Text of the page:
Image in No Shirt

October 31, 2012 § 3 Comments

Inspired by George Szirtes’ post, “Image in a white shirt

The day I turned forty I took a photo of my naked torso. Not for posterity, of course; I certainly don’t want my son and his descendants carrying around these kinds of snapshots of me. But the fear of aging prompted me to somehow preserve the memory of my body the way it was right at that moment: still relatively young, still relatively attractive. This might’ve been the end of the story, but a couple of months ago I went looking for the photo (which I’d buried in an almost forgotten electronic data hole) and realized I’d accidentally deleted it along with a bunch of other data. Suddenly I was terribly distressed about its loss; I mourned it as if I’d lost a year of my life.

After some painful introspection, I discovered another reason I’d taken that photograph: to use later as a control instrument for my appearance. I, the “I” of three years after, should be able to control the “I’s” body now with the help of the “I’s” photo from before. How much had “I” changed during that time? The camera, and then the photo, would become a mirror through which I could see the “I” that the eyes of my contemporaries saw. Vain? Insane? Who knows? I’ll never eye that now. But in a strange way, I found out more about myself from the loss of the photo than by looking at it.

I snapped a photo of myself with no shirt on. Were I a man, I might have taken a photo of myself in a white shirt, and imagined it in the hands of my descendants decades later. It’s this pressure to be something representable, presentable, or preservable that turns some of us — most of us, I dare say — into pillars of salt in front of a camera lens long before the inevitable stillness of our image appears in the photo.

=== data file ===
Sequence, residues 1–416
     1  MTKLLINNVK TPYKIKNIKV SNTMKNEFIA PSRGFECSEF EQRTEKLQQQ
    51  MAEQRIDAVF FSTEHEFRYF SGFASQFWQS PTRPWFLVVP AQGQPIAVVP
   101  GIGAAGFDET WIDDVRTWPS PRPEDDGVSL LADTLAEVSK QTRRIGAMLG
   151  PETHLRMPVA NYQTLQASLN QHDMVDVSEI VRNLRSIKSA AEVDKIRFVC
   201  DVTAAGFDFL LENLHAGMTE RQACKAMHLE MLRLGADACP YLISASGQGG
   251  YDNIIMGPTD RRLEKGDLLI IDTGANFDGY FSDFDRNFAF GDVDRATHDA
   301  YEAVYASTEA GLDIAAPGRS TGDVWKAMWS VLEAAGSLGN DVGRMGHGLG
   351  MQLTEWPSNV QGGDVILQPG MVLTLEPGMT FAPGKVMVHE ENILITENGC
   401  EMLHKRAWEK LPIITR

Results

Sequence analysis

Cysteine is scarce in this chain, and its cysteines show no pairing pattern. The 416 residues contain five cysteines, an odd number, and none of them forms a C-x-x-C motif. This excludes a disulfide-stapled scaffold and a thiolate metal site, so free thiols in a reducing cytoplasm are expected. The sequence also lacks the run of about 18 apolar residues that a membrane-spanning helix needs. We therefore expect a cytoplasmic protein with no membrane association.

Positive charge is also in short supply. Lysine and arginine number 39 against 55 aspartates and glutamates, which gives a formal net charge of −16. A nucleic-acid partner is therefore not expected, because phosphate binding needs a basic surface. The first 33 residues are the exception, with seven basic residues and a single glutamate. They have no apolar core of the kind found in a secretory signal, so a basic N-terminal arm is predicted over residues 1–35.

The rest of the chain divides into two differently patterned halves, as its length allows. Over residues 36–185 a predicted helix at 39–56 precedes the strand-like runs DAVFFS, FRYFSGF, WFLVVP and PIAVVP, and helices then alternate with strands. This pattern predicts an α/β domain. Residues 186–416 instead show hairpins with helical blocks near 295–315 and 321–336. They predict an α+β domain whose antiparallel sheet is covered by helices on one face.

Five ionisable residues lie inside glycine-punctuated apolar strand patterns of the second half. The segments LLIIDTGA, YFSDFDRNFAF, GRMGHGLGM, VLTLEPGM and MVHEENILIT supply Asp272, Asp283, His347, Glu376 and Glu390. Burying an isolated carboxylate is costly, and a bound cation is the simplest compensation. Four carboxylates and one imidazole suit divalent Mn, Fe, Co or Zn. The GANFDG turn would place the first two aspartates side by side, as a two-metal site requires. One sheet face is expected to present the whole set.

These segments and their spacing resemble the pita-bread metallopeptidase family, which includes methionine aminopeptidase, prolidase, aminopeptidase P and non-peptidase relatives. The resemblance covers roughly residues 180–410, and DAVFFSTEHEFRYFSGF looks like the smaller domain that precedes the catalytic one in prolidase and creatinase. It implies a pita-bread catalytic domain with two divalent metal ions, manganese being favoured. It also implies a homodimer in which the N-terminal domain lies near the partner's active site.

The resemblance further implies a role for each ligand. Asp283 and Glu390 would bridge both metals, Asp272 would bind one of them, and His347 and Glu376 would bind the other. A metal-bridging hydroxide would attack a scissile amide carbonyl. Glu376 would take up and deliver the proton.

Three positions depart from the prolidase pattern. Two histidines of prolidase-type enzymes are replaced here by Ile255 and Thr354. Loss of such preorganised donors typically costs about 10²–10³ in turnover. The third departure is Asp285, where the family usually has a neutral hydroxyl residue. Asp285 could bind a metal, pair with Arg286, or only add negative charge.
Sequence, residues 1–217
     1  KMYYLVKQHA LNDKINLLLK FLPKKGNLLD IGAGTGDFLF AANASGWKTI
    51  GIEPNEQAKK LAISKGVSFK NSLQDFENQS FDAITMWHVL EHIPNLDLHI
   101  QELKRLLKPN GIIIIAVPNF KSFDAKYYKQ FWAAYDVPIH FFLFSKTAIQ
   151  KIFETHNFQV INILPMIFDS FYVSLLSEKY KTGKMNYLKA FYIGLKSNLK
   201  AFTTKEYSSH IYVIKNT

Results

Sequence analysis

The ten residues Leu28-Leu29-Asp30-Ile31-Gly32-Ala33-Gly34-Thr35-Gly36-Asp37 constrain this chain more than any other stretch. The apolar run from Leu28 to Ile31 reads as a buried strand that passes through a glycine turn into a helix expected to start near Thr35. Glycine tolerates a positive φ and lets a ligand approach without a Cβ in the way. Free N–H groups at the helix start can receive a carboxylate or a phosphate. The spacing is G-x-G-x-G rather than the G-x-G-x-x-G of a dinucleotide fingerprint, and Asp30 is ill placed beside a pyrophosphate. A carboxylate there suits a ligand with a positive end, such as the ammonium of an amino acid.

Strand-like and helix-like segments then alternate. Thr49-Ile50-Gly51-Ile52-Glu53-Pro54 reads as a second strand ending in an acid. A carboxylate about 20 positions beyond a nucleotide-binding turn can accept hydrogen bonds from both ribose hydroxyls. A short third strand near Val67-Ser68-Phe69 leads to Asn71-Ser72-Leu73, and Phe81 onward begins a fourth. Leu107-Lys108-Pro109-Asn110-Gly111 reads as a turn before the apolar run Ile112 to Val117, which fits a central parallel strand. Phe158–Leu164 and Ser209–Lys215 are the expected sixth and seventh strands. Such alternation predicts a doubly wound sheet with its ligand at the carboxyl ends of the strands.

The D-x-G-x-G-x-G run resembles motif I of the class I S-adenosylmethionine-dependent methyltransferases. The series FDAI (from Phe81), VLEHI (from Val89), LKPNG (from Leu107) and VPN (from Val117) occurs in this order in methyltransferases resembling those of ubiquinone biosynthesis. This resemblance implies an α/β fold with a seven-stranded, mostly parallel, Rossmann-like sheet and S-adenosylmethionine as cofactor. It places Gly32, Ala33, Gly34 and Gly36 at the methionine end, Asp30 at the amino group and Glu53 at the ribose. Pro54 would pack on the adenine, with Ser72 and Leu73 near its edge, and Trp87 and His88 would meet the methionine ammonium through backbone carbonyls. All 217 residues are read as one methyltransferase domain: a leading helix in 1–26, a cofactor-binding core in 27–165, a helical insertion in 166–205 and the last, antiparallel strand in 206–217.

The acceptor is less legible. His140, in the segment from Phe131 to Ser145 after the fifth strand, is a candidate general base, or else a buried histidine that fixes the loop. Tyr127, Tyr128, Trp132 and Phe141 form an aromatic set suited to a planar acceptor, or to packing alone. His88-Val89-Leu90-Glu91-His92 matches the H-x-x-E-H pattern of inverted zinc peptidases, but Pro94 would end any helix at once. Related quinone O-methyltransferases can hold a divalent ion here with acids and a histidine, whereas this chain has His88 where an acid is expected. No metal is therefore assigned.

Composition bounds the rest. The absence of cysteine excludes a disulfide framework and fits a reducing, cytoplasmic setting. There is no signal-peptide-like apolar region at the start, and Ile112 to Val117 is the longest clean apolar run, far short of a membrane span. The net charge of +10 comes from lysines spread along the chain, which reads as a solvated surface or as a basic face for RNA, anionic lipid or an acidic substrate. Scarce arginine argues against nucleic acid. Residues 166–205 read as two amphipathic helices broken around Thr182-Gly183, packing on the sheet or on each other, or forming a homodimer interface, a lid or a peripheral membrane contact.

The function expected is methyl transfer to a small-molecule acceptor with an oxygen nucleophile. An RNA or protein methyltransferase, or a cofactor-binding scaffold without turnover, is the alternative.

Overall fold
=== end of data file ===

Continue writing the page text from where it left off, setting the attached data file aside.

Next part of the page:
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§ 3 Responses to Image in No Shirt

  • Magda Kapa says:

    George Szirtes wrote ‘More on the white shirt’ in his blog:

    How vulnerable are women, how vulnerable are men to their own physical beauty and that of others? How vulnerable are we to the loss of it? Who defined our self-perception as being beautiful or not? Ourselves or the eyes of others, these of our own parents, lovers, on-lookers?

    When do we break out of their mirrors?

    George and I are mostly asking these questions ourselves.


  • beth says:

    On my fortieth birthday – now 20 years ago – I remember asking my husband to take a photograph of me. He had come up into the room where I was exercising; I was wearing a grey athletic tank top and lifting weights, or some such thing. In the photographs I looked sweaty, healthy, strong, and I think now it was that impression — of strongness – that I must have wanted to preserve,, more than some notion of beauty. Being married to a photographer involves acceptance of a lifelong photographic record, but that particular instance was chosen by me, not by him. The gradual relinquishment of the attractiveness of our youthful bodies isn’t easy, nor is the process kind, but at the time there was a lot that I didn’t understand. When I look at photographs of myself taken recently, there is so much more strength than there was then, but it’s in my face, in my eyes.


  • Magda Kapa says:

    Thank you Beth for this honest and insightful response to my post.
    I read your today’s post on your blog about Hameke’s ‘Amour’ ( and I cannot stop thinking that everything is connected.
    Just like you, I don’t really fear old age but aging, and I also think that, most of us, don’t fear death (too abstract for our human minds) but we dread dying.
    I’ve been thinking a lot about ‘Amour’ too. I want to share my thoughts with you in your blog if I can sort them out.


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